Montana officials say militia’s revolution plot was almost laughable

      If it weren’t for the thousands of rounds of ammunition and the arsenal of weapons, officials in Kalispell, Mont., say a militia cell’s plot to kill 26 law enforcement officers and thus foment revolution would have been be laughable.

      Last month, two trailers stuffed with 30,000 rounds of ammunition, 35 guns, exploding booby traps, body armor, pipe bombs, survivalist gear and military rations were found by the Flathead County Sheriff’s Office after a defector from the group known as Project Seven tipped the agency to the plot. It took detectives three days to catalog the arsenal...


Videotaped cops get a buck for their troubles

      A federal jury in Oklahoma this month awarded $1 in damages to nine of 11 Owasso police officers who sued the city in 2000, claiming that the audio- and video-taping of their conversations in the squad room violated their right to privacy.

      According to the complaint brought by Officers Mark Cleveland, Shane Davis, John Edwards, Darryl Jones, Richard Dean Parsely, David Renfro, Tracy Townsend and James Leigh, and former dispatcher Carla Stone, electronic surveillance was used without their permission by Lieut. Rick DeArmond and then-Acting Chief Cliff Motto to monitor their private discussions, including labor union activities on behalf of the Fraternal Order of Police. The taping took place on March 19 and April 29, 2000...


Laying groundwork:
Law enforcement tech capabilities need a boost

      The technological capabilities of state and local law enforcement agencies must be upgraded before federal anti-terrorism initiatives calling for high-tech measures can be implemented throughout all levels of the nation’s justice system, according to a report issued by the Bureau of Justice Assistance (BJA) and SEARCH, a criminal justice research consortium.

      That finding and other key observations made by a focus group of experts from both the public and private sectors during a day-long conference in December were released this month in “Assessing the Implications of the Terrorist Attacks on America for Justice Information and Technology...”


An exercise in fatality:
Deputy kills soldier in Special Forces training

      One soldier was killed and another wounded this month when a Moore County, N.C., sheriff’s deputy believed the two, who were dressed in civilian clothes as part of a training drill, were threatening his life.

     The chain of events began on Feb. 23 when Deputy Randall Butler spotted a pickup truck about 30 miles from Fort Bragg with someone crouching in the back. When he pulled the vehicle over, he noticed a duffel bag with a disassembled M-4 carbine inside. One of the three men in the truck then came at him. Butler tried to disarm him with pepper spray, then opened fire, killing 1st Lieut. Tallas Tomeny and injuring Sgt. Stephen Phelps...


Federal File

On the perimeter

      Military troops will be used to beef up security at the nation’s borders, working in conjunction with the Border Patrol and the Customs Service. The operation will eventually be overseen by the new military commander for homeland defense, a post expected to go to four-star Army Gen. John Keane. Defense Secretary Donald Rumsfeld and the chairman of the Joint Chiefs, Air Force Gen. Richard Myers, were warned by members of Congress, however, that their plan for the Northern Command (NORCOM) to take over the responsibilities of the North American Aerospace Defense Command could prompt turf battles with Homeland Security Director Tom Ridge. As outlined by Rumsfeld and Myers, NORCOM would provide combat air patrols over major cities. It would also be responsible for organizing the regular military, the reserves, the National Guard and the Coast Guard to respond to natural disasters and “chemical, biological, nuclear or major explosive incidents in the U.S.,” said Myers. Some lawmakers were quick to note that the 19th century Posse Comitatus Act forbids the use of armed forces for police activities within the nation’s borders unless authorized by Congress or the President. Rumsfeld said the military operation at the borders will be temporary. First responders to emergencies will still be police and fire departments.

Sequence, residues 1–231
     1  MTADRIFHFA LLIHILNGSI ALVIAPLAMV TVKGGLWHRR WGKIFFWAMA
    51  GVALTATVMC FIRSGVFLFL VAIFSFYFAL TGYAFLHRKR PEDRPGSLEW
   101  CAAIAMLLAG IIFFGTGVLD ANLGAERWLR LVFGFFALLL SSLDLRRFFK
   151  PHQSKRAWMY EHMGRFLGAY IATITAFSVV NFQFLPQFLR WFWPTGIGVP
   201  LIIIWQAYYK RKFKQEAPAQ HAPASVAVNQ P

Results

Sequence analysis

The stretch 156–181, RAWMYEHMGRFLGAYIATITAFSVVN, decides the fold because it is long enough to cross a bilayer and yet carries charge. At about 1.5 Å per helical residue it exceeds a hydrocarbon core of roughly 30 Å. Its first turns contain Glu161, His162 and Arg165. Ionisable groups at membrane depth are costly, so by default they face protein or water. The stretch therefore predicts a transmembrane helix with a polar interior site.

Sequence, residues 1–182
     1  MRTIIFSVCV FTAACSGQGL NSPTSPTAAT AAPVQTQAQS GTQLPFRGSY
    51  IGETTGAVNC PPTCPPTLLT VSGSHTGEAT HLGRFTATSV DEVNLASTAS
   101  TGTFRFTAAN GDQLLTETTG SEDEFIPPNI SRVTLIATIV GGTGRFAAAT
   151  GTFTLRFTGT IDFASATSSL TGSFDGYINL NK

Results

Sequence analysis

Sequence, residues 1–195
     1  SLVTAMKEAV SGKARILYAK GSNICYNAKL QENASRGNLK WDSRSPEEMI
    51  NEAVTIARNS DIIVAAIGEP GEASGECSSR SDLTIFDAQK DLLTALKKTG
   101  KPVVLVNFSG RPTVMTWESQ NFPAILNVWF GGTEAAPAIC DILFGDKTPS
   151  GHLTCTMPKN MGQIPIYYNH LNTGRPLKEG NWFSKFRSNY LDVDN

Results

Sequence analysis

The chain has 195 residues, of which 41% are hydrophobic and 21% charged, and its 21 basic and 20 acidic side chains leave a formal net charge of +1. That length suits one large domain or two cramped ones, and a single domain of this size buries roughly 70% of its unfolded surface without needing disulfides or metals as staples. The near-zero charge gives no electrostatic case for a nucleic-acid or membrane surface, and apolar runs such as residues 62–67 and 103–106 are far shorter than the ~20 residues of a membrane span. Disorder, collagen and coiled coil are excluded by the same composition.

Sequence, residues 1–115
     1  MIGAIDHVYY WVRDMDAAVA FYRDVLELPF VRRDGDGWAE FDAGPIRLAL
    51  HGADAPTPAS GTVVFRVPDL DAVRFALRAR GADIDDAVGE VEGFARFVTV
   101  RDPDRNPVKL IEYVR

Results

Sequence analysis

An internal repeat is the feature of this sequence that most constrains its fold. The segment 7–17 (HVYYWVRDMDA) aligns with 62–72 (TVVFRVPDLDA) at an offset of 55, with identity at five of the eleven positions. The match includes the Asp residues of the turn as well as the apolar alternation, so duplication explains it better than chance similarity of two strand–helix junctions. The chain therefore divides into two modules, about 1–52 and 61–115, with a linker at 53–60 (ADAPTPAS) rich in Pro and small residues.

Billions for defense

     The Defense Department and intelligence agencies will get the largest share, $9.3 billion, of the $22.2 billion the Government plans to spend this year for homeland defense — a 29-percent increase from 2001, according to the Congressional Budget Office. The next largest share — $3.1 billion — will be allocated to Health and Human Services, mostly for the stockpiling of vaccines and to help local public health agencies. President Bush wants $37.7 billion for homeland security in the fiscal year beginning Oct. 1...


Defending the homeland:
From coast to coast, anti-terror plans take shape

      While the federal government tries to establish an overarching anti-terrorist strategy for the nation, a constellation of approaches to homeland defense are being proposed or implemented at state and local levels, including innovative ways of funding counterterrorism efforts, computer networks for sharing intelligence data, communication systems to better link first responders and volunteer watch groups that make use of citizens.

Buy bonds

      In California, Assemblyman Dario Frommer (D.-Glendale) has the support of local police chiefs and Los Angeles Sheriff Lee Baca for his proposal that would authorize the state to issue up to $500 million in Homeland Defense Bonds. Much like Liberty Bonds during World War II, these bonds would help local agencies pay for anti-terrorism efforts and training...